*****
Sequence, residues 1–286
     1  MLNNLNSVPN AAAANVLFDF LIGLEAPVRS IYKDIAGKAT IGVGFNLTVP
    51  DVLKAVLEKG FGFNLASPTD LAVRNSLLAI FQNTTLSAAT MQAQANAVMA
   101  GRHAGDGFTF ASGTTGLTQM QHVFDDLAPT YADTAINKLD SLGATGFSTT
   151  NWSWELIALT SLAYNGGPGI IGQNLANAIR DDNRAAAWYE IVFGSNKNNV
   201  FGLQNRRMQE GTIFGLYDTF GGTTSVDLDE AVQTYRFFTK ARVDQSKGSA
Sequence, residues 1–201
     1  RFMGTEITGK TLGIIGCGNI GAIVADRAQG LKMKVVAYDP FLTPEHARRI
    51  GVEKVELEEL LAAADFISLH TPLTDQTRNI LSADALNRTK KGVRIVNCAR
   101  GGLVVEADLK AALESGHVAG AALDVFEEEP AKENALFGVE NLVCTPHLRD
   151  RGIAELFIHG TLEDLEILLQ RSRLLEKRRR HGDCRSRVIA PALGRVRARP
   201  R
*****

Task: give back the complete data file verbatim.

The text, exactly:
Sequence, residues 1–286
     1  MLNNLNSVPN AAAANVLFDF LIGLEAPVRS IYKDIAGKAT IGVGFNLTVP
    51  DVLKAVLEKG FGFNLASPTD LAVRNSLLAI FQNTTLSAAT MQAQANAVMA
   101  GRHAGDGFTF ASGTTGLTQM QHVFDDLAPT YADTAINKLD SLGATGFSTT
   151  NWSWELIALT SLAYNGGPGI IGQNLANAIR DDNRAAAWYE IVFGSNKNNV
   201  FGLQNRRMQE GTIFGLYDTF GGTTSVDLDE AVQTYRFFTK ARVDQSKGSA
Sequence, residues 1–201
     1  RFMGTEITGK TLGIIGCGNI GAIVADRAQG LKMKVVAYDP FLTPEHARRI
    51  GVEKVELEEL LAAADFISLH TPLTDQTRNI LSADALNRTK KGVRIVNCAR
   101  GGLVVEADLK AALESGHVAG AALDVFEEEP AKENALFGVE NLVCTPHLRD
   151  RGIAELFIHG TLEDLEILLQ RSRLLEKRRR HGDCRSRVIA PALGRVRARP
   201  R